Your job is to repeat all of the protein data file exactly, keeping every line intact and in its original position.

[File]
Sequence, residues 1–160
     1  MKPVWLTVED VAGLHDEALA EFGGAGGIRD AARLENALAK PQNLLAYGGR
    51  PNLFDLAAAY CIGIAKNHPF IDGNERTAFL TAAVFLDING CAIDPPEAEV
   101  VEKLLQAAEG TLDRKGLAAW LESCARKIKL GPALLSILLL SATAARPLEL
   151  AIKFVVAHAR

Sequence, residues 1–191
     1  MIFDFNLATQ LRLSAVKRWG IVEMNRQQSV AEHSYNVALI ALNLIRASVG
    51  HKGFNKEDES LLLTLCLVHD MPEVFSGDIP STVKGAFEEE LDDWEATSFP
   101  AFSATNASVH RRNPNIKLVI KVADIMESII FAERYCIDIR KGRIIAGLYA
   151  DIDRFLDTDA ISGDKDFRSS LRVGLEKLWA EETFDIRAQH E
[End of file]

Sequence, residues 1–160
     1  MKPVWLTVED VAGLHDEALA EFGGAGGIRD AARLENALAK PQNLLAYGGR
    51  PNLFDLAAAY CIGIAKNHPF IDGNERTAFL TAAVFLDING CAIDPPEAEV
   101  VEKLLQAAEG TLDRKGLAAW LESCARKIKL GPALLSILLL SATAARPLEL
   151  AIKFVVAHAR

Sequence, residues 1–191
     1  MIFDFNLATQ LRLSAVKRWG IVEMNRQQSV AEHSYNVALI ALNLIRASVG
    51  HKGFNKEDES LLLTLCLVHD MPEVFSGDIP STVKGAFEEE LDDWEATSFP
   101  AFSATNASVH RRNPNIKLVI KVADIMESII FAERYCIDIR KGRIIAGLYA
   151  DIDRFLDTDA ISGDKDFRSS LRVGLEKLWA EETFDIRAQH E